DURBAN City Hall - the heart of the eThekwini Municipality. The writer says the issues associated with the Newcastle and eThekwini metros should have been dealt with summarily.
OPINION - DURING the past few years, a disturbing trend of entitlement and corruption developed within the majority of municipalities.

Some councillors had shown disdain for the law and the culture of accountability.

The frustration and anger expressed by residents through service delivery protests before the May 8 elections proved beyond doubt that the country’s local government had become the biggest political, economic and social liability.

With the 2021 local government elections coming, the issue of local government performance needs to be an urgent one or that election day could be revolution day.

Although ruling parties in different municipalities want us to believe that they are in control of the situation, residents are continuously inundated with reports of mayors, councillors and municipal managers not upholding their public mandates and not adhering to the principle of good governance, namely accountability, integrity and responsiveness.

There is no doubt that unless strong action is taken against the corrupt and dysfunctional municipalities, residents will shun the 2021 local government elections. This calls for bold decisions and effective programmes to reconnect councillors and residents in order to regain local government confidence. After all, local government can and should serve as a catalyst to bring resources, people, programmes and plans together to accomplish common local goals.

In the wake of the KZN ANC’s support having dropped by 10% in the May 8 national and provincial elections, the party needs to be applauded for taking urgent and bold decisions against municipalities implicated by the latest Auditor General’s report as dysfunctional.

Though the issues were badly handled, the intention will be accepted by members and citizens as a step towards the right direction.

For instance, the issues of crime and corruption associated with the mayors of Newcastle and eThekwini Metro should have been dealt with summarily.

The PEC has political authority to deploy, recall and redeploy - why did it fail to use that authority? This has sent a message of indecisiveness and being soft on these serious transgressions.

Though the two leaders have not been found guilty by the courts, the accusations are serious enough to demand urgent action in the perception-ridden political space.

It is my belief that mayors are not the only ones responsible for local government failures.

Councillors and municipal officials are also responsible. Hence the PEC should have consulted communities to find out whether they were happy with performances of councillors.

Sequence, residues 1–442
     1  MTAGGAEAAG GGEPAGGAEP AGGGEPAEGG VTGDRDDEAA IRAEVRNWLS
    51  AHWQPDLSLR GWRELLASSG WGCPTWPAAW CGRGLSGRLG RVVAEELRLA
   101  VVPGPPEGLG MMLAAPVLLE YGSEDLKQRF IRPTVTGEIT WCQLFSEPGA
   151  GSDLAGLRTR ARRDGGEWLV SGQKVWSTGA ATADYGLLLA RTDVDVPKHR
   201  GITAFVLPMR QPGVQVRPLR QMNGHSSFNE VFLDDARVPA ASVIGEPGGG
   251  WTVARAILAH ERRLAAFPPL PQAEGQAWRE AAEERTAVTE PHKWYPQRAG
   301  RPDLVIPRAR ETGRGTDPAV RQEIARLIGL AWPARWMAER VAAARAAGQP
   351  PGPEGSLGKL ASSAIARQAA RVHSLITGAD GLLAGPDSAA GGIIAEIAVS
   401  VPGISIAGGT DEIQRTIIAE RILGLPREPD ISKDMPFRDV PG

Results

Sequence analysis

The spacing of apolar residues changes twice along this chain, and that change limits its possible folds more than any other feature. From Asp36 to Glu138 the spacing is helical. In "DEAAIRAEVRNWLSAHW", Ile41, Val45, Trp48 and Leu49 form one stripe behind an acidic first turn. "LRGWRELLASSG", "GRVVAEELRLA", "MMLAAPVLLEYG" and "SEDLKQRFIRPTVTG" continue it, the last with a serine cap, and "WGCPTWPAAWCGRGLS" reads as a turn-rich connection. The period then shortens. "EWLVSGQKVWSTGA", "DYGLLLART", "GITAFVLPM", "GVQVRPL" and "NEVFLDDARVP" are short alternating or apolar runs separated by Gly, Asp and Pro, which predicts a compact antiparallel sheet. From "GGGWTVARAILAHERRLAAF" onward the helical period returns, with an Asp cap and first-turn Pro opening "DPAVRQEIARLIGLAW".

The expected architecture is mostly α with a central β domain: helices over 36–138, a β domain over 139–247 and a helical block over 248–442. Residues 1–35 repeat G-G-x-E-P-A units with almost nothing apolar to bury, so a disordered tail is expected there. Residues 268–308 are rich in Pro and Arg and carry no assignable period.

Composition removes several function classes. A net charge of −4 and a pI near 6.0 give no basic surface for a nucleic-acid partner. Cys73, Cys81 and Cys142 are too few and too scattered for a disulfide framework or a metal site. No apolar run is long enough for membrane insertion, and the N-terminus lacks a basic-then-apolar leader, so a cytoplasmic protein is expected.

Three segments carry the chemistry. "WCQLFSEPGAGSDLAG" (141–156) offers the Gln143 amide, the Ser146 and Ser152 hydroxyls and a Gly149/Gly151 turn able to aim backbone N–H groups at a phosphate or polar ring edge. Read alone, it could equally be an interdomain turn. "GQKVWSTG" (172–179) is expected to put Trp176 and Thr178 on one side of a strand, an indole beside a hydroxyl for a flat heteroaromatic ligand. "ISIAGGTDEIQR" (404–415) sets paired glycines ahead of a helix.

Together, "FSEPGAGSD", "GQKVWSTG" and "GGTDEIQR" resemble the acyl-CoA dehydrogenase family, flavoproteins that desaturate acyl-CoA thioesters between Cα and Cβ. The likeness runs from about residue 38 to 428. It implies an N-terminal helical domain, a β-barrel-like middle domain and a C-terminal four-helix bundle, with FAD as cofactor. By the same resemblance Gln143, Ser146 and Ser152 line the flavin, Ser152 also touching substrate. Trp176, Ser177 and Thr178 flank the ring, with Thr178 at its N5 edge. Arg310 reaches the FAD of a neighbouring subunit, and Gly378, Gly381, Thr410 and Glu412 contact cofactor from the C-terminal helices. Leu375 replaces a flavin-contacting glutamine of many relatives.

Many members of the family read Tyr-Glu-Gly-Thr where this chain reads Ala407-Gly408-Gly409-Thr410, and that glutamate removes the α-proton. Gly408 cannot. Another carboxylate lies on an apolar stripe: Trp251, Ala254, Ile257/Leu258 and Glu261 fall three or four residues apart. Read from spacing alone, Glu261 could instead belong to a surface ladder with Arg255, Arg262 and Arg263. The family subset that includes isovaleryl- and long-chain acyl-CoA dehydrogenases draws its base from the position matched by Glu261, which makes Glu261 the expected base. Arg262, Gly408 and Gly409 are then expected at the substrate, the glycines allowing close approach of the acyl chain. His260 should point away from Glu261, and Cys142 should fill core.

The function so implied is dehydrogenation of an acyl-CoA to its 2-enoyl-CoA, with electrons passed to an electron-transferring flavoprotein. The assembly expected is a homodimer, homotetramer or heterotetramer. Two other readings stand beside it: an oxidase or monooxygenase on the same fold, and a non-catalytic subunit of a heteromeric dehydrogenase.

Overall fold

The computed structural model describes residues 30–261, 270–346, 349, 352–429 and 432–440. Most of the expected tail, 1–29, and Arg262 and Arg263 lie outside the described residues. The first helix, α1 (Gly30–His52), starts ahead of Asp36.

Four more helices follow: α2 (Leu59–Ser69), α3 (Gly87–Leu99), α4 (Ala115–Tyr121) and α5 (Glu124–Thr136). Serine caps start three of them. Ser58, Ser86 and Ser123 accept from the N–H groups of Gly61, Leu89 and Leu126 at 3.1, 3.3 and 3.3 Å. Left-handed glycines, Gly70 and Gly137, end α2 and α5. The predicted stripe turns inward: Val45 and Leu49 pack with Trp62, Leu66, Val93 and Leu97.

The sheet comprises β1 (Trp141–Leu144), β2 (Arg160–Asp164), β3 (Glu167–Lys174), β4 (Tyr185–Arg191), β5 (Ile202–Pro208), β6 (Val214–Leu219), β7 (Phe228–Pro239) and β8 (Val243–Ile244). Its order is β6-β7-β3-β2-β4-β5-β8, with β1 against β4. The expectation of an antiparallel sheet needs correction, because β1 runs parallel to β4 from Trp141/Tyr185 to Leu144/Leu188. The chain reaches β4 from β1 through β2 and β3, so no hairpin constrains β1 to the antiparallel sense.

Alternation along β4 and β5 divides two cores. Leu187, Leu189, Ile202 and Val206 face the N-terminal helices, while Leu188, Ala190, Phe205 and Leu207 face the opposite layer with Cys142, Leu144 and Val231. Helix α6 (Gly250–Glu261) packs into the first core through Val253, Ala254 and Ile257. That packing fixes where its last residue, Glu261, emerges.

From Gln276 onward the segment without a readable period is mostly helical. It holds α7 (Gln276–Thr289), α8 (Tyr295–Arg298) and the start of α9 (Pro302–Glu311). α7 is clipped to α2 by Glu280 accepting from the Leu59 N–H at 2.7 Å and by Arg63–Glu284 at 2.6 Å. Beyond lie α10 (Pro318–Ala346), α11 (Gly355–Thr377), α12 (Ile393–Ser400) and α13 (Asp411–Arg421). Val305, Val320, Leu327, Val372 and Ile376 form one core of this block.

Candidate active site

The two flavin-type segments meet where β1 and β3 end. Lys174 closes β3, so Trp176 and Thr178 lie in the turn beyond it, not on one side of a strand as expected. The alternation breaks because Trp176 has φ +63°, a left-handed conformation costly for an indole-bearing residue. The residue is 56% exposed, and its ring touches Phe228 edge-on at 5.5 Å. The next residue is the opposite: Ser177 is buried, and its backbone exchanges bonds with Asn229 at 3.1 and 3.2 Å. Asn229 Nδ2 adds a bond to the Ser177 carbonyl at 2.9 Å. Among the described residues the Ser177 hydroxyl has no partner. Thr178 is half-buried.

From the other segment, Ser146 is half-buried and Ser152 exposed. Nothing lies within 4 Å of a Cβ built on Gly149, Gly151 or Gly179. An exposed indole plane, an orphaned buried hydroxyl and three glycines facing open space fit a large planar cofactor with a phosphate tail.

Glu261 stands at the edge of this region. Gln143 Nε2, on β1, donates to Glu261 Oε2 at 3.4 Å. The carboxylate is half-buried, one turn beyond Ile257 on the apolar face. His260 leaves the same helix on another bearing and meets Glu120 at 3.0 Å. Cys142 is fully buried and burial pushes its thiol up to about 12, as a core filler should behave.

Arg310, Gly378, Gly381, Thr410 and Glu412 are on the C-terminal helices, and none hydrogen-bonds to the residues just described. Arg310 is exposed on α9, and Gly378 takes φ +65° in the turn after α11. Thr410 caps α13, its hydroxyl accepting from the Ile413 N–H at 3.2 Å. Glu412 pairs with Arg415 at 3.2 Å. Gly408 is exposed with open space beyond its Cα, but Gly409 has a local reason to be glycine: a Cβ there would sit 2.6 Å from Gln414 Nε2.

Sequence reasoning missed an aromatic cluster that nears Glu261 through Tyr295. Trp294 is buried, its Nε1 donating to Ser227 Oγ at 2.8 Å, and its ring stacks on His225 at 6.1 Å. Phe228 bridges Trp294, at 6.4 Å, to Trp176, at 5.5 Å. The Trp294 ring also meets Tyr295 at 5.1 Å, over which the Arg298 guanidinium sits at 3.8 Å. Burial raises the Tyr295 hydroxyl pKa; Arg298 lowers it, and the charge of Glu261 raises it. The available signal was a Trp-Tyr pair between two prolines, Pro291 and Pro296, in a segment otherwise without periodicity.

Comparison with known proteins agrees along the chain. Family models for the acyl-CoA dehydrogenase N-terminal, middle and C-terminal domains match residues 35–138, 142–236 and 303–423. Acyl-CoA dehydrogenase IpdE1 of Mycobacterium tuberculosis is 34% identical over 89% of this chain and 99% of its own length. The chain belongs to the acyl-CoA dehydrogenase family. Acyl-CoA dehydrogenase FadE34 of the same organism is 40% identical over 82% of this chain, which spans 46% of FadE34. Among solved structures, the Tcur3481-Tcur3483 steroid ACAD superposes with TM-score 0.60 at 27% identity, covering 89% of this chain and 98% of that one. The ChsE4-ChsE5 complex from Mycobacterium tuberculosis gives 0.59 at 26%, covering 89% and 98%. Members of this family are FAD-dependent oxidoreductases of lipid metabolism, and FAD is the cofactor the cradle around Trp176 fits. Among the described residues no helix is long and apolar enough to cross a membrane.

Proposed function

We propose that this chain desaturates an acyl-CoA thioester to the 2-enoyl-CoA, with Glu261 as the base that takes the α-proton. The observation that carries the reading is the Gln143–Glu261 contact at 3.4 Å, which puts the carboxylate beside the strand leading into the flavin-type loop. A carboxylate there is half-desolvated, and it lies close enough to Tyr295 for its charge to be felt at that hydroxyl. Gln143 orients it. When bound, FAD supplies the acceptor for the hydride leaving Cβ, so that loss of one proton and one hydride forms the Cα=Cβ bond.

Councillors have tarnished local government’s image and reputation, and as a result it no longer commands public confidence, trust, support, acceptance and importance.

The South African Chamber of Commerce and Industry (Sacci) has warned the government that the financial doldrums of local government were inhibiting economic and development performances and a big threat to the country’s investment drive. “It is Sacci’s view that the manner in which municipalities are led, managed and operated is the primary cause of their problems. Government’s own current practice of how leadership and management are appointed to run its municipalities is where all problems start.”

It is high time that the ANC realises the fact that having skilled and competent people driving the engine of delivery are absolute prerequisites if they are to deliver basic services to the masses. While honesty and capacity should be prerequisites for selection to be a councillor, skills and not political affiliation should be the main criterion for employment or advancement in local government.

It is unfortunate that party members have turned local government into a fertile ground for feathering their nests through corruption and looting.

Like other municipalities elsewhere, KZN municipalities, particularly eThekwini and Msunduzi, have been the worst performers over the past three years.

The PEC’s decisions to change their leaderships are welcomed but a lot still needs to done to change their fortunes ahead of the 2021 elections.

Now the PEC’s focus needs to shift to ensuring that the eThekwini and Msunduzi’s elective regional congresses take place within a genuine democratic environment in order to ensure that their outcomes are accepted by all.

The conferences are expected to be highly contested. And for the PEC to emerge with honest and capable leaders that will appeal to voters in 2021, it has to give support to branches to run their election process freely and fairly.

Or else the PEC’s current decision is likely to backfire as the fired mayors are likely to retreat to their branches and mobilise for their comebacks.

Do not be surprised if a number of independent candidates who were former ANC councillors contest the coming elections.

For now the PEC’s decision is a landmark one - I, wish others learn from it.

Khumalo is an independent political analyst.

The Mercury